Sucrose esters are used as emulsifiers, but also have added benefits across a range of applications, including bakery, confectionery, desserts, spreads and sauces. The new partnership will allow US-based customers better access to sucrose esters, Netherlands-based Sisterna said, with Helm offices and warehouses on the East and West coasts, as well as in the Midwest.
President of Helm New York Philipp Mangold told FoodNavigator-USA.com:
“Sucrose esters seem to be a really hot topic…There’s a lot of these applications that have only been developed in the past few years.”
In terms of emulsification, Mangold said that “price is not a selling point for sucrose esters”, but even though they may be more expensive than more commonly used emulsifiers like lecithin, they offer other functional benefits.
He said: “You would not use sucrose esters if another emulsifier did the job just as well as sucrose esters.”
However, sucrose esters have four distinct areas of advantage, Mangold said: Protein interaction, starch interaction, sugar crystallization, and aeration. The esters could be used, for example, to incorporate air into a mousse; in bakery products, starch interaction would come into play to prevent staling.
Sucrose esters would also work well in dessert products “if a customer wanted to do a very high-end product or have a very, very creamy mouthfeel”, and for panned confectionery, the panning process would be faster with better sugar crystallization.
Mangold explained that sucrose esters are considered to be ‘high-end emulsifiers’ as they cover a much broader range of hydrophilic-lipophilic balance (HLB) values than other emulsifiers like lecithin or glycerides, that are very specific to one particular area.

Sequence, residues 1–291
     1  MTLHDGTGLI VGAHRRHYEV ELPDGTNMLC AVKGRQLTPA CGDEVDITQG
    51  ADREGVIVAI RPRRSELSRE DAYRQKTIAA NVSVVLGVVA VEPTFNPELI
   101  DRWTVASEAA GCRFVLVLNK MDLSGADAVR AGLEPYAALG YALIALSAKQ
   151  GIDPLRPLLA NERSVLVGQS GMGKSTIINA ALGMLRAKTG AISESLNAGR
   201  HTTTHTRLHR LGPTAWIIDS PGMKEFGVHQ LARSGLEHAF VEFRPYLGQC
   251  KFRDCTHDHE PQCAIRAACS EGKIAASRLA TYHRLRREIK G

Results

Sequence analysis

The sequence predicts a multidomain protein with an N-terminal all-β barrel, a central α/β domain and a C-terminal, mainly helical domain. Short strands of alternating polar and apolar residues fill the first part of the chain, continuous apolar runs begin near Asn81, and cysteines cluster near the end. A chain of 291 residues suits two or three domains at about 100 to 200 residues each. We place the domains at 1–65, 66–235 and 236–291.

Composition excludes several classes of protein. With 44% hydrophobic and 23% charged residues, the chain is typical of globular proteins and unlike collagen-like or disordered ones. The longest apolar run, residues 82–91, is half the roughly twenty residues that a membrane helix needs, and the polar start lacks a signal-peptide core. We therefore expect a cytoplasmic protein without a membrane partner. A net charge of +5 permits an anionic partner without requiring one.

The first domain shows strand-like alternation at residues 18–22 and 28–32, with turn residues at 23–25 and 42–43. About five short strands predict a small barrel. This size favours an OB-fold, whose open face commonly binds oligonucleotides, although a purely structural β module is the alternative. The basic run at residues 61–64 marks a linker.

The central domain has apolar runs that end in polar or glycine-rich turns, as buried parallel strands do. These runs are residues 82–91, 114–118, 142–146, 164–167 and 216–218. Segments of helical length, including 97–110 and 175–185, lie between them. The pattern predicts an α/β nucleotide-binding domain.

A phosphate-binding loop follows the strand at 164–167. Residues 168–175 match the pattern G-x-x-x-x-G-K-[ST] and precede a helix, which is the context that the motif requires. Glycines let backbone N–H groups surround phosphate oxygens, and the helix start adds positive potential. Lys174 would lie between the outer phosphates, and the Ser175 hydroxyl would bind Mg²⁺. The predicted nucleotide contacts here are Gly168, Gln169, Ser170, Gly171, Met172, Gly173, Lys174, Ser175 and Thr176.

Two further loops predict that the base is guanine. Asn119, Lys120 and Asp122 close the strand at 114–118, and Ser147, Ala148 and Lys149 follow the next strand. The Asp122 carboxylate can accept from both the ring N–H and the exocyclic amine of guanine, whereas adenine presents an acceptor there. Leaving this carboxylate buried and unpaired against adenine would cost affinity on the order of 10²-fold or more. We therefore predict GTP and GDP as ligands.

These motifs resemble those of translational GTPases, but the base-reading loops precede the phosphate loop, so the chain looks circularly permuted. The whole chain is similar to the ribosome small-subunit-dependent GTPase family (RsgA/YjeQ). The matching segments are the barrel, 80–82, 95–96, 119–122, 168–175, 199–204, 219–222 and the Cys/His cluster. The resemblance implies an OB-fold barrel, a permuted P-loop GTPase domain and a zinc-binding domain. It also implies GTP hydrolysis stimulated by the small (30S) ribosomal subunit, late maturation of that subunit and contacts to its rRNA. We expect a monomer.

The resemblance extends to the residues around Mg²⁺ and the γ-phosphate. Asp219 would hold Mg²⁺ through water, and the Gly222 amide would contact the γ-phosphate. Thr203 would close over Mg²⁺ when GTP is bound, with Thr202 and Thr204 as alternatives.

He said that while sucrose esters are manufactured, they are technically natural, in that they are “made from all-natural ingredients”, essentially sugar and fat, but there is still debate about what natural means, and the FDA has no set definition of the term. On product labels, the ingredient would be listed as “sucrose esters of fatty acids”.
Mangold said that so far, the positive functional aspects of sucrose esters have outweighed any concerns about how consumers might perceive them.
The Helm-Sisterna partnership effectively makes the Dutch company’s sucrose esters more accessible to the US market, with Helm New York taking over its technical, logistical and commercial support roles.
“Sisterna wanted to have someone closer to their customer, with them being in The Netherlands. Since we are offering other products to the same companies, there’s a certain synergy there,” Mangold said.